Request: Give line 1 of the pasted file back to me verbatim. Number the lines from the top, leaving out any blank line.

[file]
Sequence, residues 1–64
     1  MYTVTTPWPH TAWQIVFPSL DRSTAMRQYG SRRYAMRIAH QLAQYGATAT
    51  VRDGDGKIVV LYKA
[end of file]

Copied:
Sequence, residues 1–64